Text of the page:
Poet Interview: Jane Yolen

Poet Interview: Jane Yolen

Today we would like to welcome to Poetry Teatime one of the most prolific writers of children’s fantasy and poetry, Jane Yolen! Check out Jane's written interview and listen to the podcast with Julie Bogart below. Plus enter our FUN GIVEAWAY for a chance to win three books by Jane (UPDATE: Winner announced below)!

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Jane Yolen has written over 250 books and has been writing since preschool. She has been called “America’s Hans Christian Andersen” for her many fairy tale retellings and fantasy books.

Enjoy the conversation between Julie Bogart and Jane Yolen on the Brave Writer's Life in Brief podcast. They explore poetry, writing, nature, and the celebration of family culture!

LISTEN TO THE PODCAST

Download FREE Show Notes

Poetry Teatime Podcast Show Notes - Jane Yolen

Here is our written interview with Jane:

Jane, welcome! First of all, there was no such thing as young adult literature when you first began to write. In some ways, your work helped shape the genre. What do you think is important about YA lit today?

I think I had little to do with shaping YA lit except by being in publishing then and recognizing what was happening. I had written a few children’s novels, not what would become classic YA—S.E.Hinton and Robert Cormier were the true change-makers. But Devil's Arithmetic, which came twenty years later, opened up a different kind of tough time travel novel that set a child directly into a difficult period of history. Yes, it had been done before, but more playfully. Mine spared no reader.

You’ve worked with your own children before to craft some of your books. How does that process work, and what are some ways that parents and children can collaborate in writing or reading poetry and fiction?

As readers we share our interests, preferences. Adults need to be aware of what a reading child likes and go from there to expand the base.

Writing together is different. What is the premise? What are each writer's strengths? How do we make two (or three or more) voices one? Who gets final say/final pass over the written piece? How are conflicts resolved?

Where does poetry get its power? Tell us about a poem that has changed you.

Three poems that have changed me:

Yeats' "The Second Coming" still gives me shivers and though written almost a hundred years ago is as relevant today as then. It is both political and historical, it is challenging, and it has one of the greatest last lines in a poem I know.

Emily Dickinson's "Tell All the Truth But Tell It Slant" is the mantra of my writing. It means everything to me.

Lewis Carroll's "The Jabberwocky" from the Alice in Wonderland books because of its playfulness and singability and perfect rhyming and because it allows me as a poet to make up words as he did.

You used to dance at the Balanchine School of American Ballet and drew on this influence in your book The Firebird. What are the connections between dance and writing? Do you think dancing made you a better writer?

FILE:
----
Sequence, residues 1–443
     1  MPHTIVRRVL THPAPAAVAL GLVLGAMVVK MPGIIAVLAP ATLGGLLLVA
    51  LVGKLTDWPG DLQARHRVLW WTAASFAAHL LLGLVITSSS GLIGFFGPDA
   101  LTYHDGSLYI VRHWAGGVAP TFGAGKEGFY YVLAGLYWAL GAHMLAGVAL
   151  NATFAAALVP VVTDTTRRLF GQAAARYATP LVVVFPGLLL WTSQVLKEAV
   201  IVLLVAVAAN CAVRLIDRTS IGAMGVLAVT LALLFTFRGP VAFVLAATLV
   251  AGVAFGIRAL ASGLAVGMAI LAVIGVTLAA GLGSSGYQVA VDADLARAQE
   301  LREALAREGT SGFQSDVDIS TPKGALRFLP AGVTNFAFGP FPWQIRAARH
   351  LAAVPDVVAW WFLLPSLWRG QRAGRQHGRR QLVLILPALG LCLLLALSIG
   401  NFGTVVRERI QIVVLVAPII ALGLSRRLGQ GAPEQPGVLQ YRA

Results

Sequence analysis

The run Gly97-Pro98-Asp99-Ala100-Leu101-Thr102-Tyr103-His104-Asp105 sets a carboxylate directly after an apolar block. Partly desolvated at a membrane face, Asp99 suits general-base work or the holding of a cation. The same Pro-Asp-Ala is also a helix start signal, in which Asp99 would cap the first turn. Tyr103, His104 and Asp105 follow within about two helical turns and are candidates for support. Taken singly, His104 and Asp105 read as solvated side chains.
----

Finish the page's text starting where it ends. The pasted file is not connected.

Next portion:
I think that too many would-be poets tend to sit around thinking poetic thoughts and not getting much exercise. But poets need to be out there, looking and feeling and touching the world. They need to be able to flex real muscles as well as mental muscles. They need to be observers and participators.

You’ve said that you want your writing to surprise you. How does your poetry surprise you?

I may start with a word or an idea and think I know where a poem is going and then it goes sideways or south. What fun that is! It's the lizard brain, the subconscious, the poetry muscle flexing.

Some of your books, like Briar Rose and your book-in-progress House of Candy, merge the shimmer of fairy tales with the darkness of the Holocaust. Do you think fairytales do a better job than most stories in communicating darkness?

I think fairy tales let us access that darkness, explore it, without actually becoming dark ourselves. It tells us the story of darkness—troll, witch, blood, spell—but in a coded, metaphoric way.

What’s one writing dream that you have yet to fulfill?

Well, I have written a verse novel and then the beginning of a second one. But since I haven't sold the first one, I haven't done the deep revision work with an editor yet. Hoping that will happen. Other than that—I have done pretty much everything I have ever wanted to try in writing. But then I am 77 and have been publishing since I was in college, over 55 years ago.

Thank you so much for joining us, Jane!

Check out our AWESOME GIVEAWAY featuring Jane Yolen's brand new book, Grumbles from the Forest, and two others! PLUS we discovered one last Zizzer-Zazzer-Zuzz tea cozy and are including that too. Learn more below!

Jane Yolen Book Giveaway

We Have a Winner:

Stacie Canales!

Congratulations, Stacie! You will receive:

Grumbles from the Town
Grumbles from the Forest (NEW!)
You Nest Here with Me

...plus the LAST Poetry Teatime Tea Cozy called the Zizzer-Zazzer-Zuzz (sold out pattern).

BONUS Surprise: Two bookmarks from Jane!

Enjoy!

Poetry Teatime Podcast with Jane Yolen

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